Australia has its share of freaky places and experiences on offer. From haunted houses and gaols to terrifying river cruises, we take a look at some fave fright fests.
The beautiful home built in 1884 in Junee is the south-west of New South Wales has a history or murder, horror and terror and is open for tours. It's said that in one room some people get severe headaches and become violently ill. Some people say they have seen a woman in black, kneeling and praying.
In 1963 the owners had been in their home for just three days when, from the bottom of their driveway one foggy evening, they saw light streaming from every door and window. Electricity had not yet been connected and their kerosene lamps were not lit. There were no window panes due to earlier vandalism, so their car headlights could not have caused the light. As they cautiously drove towards their home, the lights abruptly disappeared.
It happened again to their son as he returned home alone, some 27 years later, and there were many puzzling events in between all with no explanation or reason. Some people have "a feeling" about the house and some have said they have heard voices.
Almost every old gaol in Australia runs night tours, and all are weird and spooky in their own way. Adelaide Gaol is no different.
You'd never imagine the genteel city of Adelaide had a spooky side, but venture five minutes from the CBD and get ready for a spine-tingling experience in the City of Churches: the Adelaide Gaol.
The old building, one of South Australia's premier heritage sites, is open to visitors who these days have the freedom to leave when they wish, unlike the 300,000 prisoners incarcerated there over a period of 147 years. It is fascinating to see 19th century-architecture, original cellblocks, the hanging tower, gallows, yards and prisoner graves.
During a torchlight tour, you will hear about, and maybe even see or feel, the ghost of the gaol's first governor, William Baker Ashton. People say they hear very heavy footsteps and the sound of furniture being moved.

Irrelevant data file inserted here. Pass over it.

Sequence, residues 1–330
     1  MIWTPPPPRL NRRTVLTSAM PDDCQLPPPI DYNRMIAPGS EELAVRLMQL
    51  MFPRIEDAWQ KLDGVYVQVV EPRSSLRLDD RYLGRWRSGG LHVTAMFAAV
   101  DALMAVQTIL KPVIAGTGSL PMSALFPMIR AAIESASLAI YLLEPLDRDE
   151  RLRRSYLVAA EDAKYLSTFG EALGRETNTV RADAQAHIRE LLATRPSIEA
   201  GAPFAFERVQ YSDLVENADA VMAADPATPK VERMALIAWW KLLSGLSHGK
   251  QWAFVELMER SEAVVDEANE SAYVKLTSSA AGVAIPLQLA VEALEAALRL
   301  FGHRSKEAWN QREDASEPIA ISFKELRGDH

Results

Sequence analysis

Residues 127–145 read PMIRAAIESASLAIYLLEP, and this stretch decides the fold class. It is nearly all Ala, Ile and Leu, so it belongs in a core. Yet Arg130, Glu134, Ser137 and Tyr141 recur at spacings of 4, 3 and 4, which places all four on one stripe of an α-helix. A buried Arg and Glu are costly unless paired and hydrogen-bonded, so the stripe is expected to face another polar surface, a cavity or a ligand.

Jumping Crocodile Cruise
The Northern Territory is not for the faint-hearted. It's a place where you could die of thirst in the blazing sun, suffer a fatal snakebite or be eaten alive by a creature that has outlived the dinosaurs: the saltwater crocodile.
There are more than 80,000 salties living in the Adelaide River in the Northern Territory, and are rarely seen as they lurk in the muddy waters. The scary beasts measure up to 6m long, and for a real adrenaline burst, you can actually feed them.
Jumping Crocodile Cruises will take you into the midst of a feeding frenzy, dangling raw water-buffalo meat to appease the snapping crocodiles.
The crafty crocs have come to know the feeding boats, and year round, they leave their hiding places to be fed. To them it's like the sound of the ice-cream van in the neighbourhood. Certainly saves them hunting for their own dinner.
If the crocs aren't quite big enough for you, you can get into the water with big, bad Burt at Darwin's Crocosaurus Cove!
Armoured Vehicle Adventures
Twenty-five kilometres out of Goulburn in south-west New South Wales are 121 hectares just perfect for anyone who ever wanted to drive a tank. There's also a tank available in Canberra if that's easier for you.
The Goulburn vehicles are an FV603 Saracen Armoured Personnel Carrier and an FV432 Armoured Personnel Carrier. Both seat nine to 10 people. The FV603 travels at 80km/h through rough terrain and can be driven by anyone whose feet reach the pedals.
Nullarbor Links Golf Course
Not weird, but certainly different, Nullarbor Links Golf Course is an 18-hole par 72 course spanning 1365km along the Eyre Highway from Kalgoorlie in Western Australia to Ceduna in South Australia. It's the world longest course.
There's a hole in each participating town or roadhouse along the way, each including a green and tee and a rugged outback-style natural terrain fairway. It gives a quintessential Australian experience for travellers as they head across the Nullarbor.
The Nullarbor Links was developed to enhance tourism along the highway, providing travellers with a most unusual added attraction.